So regulation has been good for you?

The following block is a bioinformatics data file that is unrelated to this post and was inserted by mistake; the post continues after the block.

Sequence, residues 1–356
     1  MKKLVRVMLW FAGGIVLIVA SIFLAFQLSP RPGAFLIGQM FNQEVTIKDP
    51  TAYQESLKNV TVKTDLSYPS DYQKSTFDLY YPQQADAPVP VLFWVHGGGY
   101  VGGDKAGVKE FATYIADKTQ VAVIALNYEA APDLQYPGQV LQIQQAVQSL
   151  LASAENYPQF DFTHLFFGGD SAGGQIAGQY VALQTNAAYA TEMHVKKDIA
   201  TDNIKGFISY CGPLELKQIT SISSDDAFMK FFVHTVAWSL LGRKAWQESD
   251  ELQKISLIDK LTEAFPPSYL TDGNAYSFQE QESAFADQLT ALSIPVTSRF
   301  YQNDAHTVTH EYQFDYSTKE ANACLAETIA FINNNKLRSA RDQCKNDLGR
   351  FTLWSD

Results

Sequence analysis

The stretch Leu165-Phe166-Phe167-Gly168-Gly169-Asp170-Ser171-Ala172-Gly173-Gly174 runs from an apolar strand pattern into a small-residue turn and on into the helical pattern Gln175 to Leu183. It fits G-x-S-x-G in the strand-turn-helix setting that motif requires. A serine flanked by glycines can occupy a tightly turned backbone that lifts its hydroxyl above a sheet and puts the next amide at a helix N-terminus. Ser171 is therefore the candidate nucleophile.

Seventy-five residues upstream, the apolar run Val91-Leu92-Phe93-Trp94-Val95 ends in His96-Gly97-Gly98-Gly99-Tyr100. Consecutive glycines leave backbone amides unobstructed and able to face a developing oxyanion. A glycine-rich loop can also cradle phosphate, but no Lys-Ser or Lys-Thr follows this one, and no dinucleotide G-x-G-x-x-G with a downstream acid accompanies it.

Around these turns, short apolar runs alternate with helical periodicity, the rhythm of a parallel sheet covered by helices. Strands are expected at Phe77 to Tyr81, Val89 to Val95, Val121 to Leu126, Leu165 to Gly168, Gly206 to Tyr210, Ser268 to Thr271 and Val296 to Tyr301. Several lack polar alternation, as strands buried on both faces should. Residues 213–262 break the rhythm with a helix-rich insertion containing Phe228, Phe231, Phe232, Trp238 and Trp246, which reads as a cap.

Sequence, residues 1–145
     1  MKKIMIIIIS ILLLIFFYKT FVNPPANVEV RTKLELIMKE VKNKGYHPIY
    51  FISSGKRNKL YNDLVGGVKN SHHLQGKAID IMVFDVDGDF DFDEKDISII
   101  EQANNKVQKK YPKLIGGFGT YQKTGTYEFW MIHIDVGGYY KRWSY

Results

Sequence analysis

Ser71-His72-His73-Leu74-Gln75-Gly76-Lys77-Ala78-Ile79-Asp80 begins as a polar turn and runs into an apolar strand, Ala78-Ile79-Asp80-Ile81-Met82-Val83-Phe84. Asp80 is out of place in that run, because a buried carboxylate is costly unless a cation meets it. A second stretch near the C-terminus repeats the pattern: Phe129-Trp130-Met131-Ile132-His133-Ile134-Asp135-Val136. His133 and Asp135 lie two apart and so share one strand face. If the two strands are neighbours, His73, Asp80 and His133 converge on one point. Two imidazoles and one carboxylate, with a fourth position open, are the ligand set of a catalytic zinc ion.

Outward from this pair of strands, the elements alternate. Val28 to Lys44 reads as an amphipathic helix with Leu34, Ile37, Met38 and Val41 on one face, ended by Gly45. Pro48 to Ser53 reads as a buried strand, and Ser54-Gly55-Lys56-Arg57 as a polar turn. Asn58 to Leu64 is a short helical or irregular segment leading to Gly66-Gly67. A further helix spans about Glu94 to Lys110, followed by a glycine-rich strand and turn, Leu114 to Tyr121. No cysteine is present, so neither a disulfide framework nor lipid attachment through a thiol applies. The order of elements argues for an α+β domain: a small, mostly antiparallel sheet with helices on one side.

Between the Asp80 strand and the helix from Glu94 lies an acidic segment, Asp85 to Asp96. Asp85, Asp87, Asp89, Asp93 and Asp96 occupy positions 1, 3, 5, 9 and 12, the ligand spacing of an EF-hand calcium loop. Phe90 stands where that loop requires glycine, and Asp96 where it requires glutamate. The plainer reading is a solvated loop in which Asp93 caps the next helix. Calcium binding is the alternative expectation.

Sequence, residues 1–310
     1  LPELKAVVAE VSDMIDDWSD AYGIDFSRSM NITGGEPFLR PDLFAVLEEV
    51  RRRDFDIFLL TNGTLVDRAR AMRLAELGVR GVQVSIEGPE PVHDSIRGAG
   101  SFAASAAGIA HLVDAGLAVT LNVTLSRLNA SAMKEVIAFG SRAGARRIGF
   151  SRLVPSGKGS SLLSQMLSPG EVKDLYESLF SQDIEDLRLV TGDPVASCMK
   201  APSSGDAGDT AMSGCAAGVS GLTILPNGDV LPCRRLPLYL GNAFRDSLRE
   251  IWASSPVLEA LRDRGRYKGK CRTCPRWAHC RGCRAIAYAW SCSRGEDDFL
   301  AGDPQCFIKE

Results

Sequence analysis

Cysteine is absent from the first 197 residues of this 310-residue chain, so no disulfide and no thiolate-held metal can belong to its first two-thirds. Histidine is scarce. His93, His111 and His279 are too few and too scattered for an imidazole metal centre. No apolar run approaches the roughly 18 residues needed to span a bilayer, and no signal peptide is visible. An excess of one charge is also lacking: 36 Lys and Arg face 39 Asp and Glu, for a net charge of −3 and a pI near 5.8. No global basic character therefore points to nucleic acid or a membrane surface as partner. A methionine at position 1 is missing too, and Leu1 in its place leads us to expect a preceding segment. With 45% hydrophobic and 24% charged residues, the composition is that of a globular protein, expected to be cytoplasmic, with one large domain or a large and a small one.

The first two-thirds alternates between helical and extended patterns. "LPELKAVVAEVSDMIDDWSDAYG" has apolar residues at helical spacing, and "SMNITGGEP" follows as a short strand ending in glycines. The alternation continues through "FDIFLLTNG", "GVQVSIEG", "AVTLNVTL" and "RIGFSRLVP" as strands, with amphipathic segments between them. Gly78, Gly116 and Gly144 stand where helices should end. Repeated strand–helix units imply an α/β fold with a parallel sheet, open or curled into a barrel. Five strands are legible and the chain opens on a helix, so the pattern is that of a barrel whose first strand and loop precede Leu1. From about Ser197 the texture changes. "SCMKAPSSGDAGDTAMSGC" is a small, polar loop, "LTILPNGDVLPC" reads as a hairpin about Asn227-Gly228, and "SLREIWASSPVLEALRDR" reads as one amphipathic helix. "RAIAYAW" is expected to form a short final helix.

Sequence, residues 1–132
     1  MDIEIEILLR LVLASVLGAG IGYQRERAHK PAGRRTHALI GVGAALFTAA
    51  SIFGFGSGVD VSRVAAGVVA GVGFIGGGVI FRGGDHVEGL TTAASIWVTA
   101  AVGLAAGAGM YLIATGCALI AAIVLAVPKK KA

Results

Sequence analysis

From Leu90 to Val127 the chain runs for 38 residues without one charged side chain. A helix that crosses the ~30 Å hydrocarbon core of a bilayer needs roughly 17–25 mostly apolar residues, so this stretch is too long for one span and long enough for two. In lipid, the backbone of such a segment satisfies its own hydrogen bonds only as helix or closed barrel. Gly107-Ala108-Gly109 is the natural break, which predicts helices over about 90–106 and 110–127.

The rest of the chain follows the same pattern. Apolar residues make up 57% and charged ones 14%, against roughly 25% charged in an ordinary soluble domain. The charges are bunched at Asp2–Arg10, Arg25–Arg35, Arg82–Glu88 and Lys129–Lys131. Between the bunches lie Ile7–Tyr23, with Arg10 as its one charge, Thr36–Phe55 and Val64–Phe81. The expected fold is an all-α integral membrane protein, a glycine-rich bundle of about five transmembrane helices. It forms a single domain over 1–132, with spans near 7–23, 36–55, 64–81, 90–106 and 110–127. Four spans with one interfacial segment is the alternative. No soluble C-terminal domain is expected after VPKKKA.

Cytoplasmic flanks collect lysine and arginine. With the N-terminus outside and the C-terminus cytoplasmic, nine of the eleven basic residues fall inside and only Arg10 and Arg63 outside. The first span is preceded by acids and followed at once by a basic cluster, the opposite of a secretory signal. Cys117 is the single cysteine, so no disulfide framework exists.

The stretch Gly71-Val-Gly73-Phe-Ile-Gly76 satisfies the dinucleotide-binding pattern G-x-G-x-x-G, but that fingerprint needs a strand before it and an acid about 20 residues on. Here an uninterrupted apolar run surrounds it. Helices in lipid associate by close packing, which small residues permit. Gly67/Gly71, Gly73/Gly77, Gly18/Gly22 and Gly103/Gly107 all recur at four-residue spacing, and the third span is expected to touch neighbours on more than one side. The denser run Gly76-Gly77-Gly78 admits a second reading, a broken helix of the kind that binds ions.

You have got to remember that at the time automatic-enrolment came in there was deliberate light touch regulation. Part of that was because of a fear of a capacity crunch. The government said everyone who employs more than a person is going to have to go through automatic-enrolment and there was a fear of NEST not being able to cope.  So we have seen a massive increase in master trusts. There are a lot out there that we may not have heard about a number of years ago, and possibly may not hear of them a few years hence. That increase was effectively facilitated by light-touch regulation. It served a purpose in that we are now getting towards the end of the automatic enrolment process and most employers have gone through okay. So the capacity crunch did not hit. There has been an increased focus on regulation. The Pension Schemes Act 2017 is already in place, setting an authorisation regime for all master trusts which is going to kick in next year. There are requirements on the fitness of trustees. Again, if you have been running a trustee board for 10 years then you can imagine that we are quite well prepared for that. If you are an employee benefit consultancy or a life company and you do not have a history of running trust based arrangements then you probably have some challenges ahead. There are a lot of people in the industry at the moment who are probably wondering if the numbers are going to add up and if it makes sense to continue. I suspect that in October next year, when authorisation kicks in, we will not have 70 master trusts. The year after that we will probably see a reducing number, so regulation is driving change.